Page last updated at 10:54 GMT, Tuesday, 17 February 2009

Council's oil consumption rising

Solar panels
Solar panels have been fitted to council buildings to help cut costs

Carbon conscious Highland Council has found its use of oil to heat some of its buildings has increased.

A report to Wednesday's resources committee warns that consumption of the fossil fuel has to be addressed to help reduce CO2 emissions.

Cutting power costs has previously been identified as a priority by the local authority.

Two fire stations and about 30 of the region's schools draw some of their energy from renewable sources.

Wind turbines, solar panels, biomass boilers and air and ground source heat pumps were among the devices installed to the buildings.

In the report to committee members, council officers said the local authority's energy use and CO2 emissions had been reduced from a 2004-05 baseline figure.

Fort William fire station has a solar panel and the station at Helmsdale an air source heat pump
Twenty-three Highland Council buildings - including six swimming pools - are having devices installed
A further 16 schools have been earmarked for renewable power schemes

But between April and September 2008, the figures for both use and emissions were higher than for the same time in 2007.

Officers said the reasons for this included estimated billing, changes to when schools closed for the Easter holidays and colder weather than in 2007.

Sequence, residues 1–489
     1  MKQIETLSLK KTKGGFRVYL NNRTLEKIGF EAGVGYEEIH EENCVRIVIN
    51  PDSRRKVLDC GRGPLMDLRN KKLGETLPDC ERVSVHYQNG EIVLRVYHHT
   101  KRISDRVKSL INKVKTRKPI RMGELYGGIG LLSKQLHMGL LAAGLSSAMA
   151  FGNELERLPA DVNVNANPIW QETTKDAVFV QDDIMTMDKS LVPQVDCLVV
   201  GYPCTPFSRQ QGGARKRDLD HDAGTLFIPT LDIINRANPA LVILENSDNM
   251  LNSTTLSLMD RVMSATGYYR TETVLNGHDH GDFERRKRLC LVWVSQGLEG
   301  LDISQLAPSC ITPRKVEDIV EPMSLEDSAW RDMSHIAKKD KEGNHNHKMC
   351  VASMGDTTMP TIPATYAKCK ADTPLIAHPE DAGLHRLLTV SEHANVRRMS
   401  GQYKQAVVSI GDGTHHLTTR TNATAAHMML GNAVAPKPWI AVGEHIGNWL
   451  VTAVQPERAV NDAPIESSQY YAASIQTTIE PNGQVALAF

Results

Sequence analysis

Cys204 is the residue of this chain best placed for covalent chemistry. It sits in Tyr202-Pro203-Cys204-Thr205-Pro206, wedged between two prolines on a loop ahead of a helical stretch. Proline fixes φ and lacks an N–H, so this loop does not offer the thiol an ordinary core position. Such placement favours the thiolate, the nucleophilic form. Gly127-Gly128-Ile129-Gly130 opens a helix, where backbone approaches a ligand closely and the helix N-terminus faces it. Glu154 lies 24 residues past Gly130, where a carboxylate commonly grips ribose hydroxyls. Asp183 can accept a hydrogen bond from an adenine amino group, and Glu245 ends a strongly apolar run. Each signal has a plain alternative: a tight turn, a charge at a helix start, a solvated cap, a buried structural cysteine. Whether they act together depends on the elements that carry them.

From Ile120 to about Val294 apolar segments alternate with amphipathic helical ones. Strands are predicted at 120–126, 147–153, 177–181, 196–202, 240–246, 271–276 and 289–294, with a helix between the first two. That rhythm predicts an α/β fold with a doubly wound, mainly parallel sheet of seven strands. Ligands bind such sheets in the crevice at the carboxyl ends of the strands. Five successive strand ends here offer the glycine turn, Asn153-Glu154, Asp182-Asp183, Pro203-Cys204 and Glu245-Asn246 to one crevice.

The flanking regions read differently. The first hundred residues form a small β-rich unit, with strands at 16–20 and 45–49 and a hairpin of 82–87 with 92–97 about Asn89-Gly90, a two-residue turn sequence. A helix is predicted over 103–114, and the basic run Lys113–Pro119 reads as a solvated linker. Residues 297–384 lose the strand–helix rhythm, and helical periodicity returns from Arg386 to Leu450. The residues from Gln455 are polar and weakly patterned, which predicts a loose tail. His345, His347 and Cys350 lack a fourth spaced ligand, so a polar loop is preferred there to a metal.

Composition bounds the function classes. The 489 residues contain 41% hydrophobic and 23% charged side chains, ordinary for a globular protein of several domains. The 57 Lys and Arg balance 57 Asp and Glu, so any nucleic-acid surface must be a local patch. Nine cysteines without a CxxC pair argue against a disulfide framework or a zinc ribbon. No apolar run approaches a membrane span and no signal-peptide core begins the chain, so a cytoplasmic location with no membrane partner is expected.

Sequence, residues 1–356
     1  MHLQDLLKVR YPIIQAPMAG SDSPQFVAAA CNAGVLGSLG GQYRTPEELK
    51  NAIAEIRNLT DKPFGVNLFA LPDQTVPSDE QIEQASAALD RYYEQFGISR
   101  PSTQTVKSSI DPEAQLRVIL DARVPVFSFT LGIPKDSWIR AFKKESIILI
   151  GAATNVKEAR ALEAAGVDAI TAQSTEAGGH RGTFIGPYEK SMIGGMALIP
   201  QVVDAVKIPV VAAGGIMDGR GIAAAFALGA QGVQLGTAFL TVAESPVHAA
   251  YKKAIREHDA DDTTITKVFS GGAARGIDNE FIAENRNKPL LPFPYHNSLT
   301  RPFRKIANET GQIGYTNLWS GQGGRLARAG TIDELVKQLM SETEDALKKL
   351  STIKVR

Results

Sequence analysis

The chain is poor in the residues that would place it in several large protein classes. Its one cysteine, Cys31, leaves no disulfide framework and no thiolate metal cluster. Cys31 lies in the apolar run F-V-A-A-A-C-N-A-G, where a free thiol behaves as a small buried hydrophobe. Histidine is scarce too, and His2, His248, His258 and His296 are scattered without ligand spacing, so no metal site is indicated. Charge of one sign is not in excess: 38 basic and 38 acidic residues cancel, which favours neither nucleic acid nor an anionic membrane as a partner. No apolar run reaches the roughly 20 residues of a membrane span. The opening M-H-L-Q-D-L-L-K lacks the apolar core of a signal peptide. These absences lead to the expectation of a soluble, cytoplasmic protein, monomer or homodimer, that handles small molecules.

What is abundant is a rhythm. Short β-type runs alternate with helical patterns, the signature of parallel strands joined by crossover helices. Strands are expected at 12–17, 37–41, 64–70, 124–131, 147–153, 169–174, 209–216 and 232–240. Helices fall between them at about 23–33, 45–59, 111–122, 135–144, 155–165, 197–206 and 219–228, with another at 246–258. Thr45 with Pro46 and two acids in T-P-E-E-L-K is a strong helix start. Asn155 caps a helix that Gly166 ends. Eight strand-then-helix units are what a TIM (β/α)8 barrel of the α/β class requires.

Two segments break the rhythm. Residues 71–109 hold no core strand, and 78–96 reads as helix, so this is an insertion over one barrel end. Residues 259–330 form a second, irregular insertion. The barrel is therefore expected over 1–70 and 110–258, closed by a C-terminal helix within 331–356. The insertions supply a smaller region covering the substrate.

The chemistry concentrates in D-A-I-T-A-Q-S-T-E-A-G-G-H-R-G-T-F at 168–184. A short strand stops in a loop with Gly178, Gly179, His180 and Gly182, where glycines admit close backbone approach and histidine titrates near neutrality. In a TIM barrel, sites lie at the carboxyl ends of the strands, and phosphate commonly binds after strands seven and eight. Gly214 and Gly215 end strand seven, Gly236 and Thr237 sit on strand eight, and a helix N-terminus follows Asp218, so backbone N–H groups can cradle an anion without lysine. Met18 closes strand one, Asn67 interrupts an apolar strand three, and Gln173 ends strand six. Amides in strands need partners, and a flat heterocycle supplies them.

The council's dependency on oil was also flagged up as a concern.

The report's authors said: "There remains an issue with oil supplies as the records are based on quantities of delivery instead of actual use and this gives large variations in consumption dependent on when and by how much tanks are re-filled.

"Meters for oil have been piloted at several sites and alternative methods of measuring building heat demand are being trialled.

"In addition, if increased consumption of oil continues to counter any decrease in electricity or gas use, the council needs to consider alternatives to switching heating systems from oil to more renewable options in order to reduce costs and carbon emissions."

'Weetabix school'

Last week, Highland Council announced that plans to generate energy for a community heating system from waste wood in Wick had been abandoned and households were temporarily being supplied by an oil-fired boiler.

Meanwhile, the local authority has been drawing attention for its green initiatives.

They include a new primary on the west coast of Scotland dubbed the "Weetabix school" which has attracted nationwide interest.

The council said the construction project in Ardnamurchan had drawn visits from other local authorities, engineers and architects.

It is claimed the school is so well insulated that the pupils' bodies will provide the heat once they have had their breakfast.

Once completed, it will replace Acharacle Primary School.

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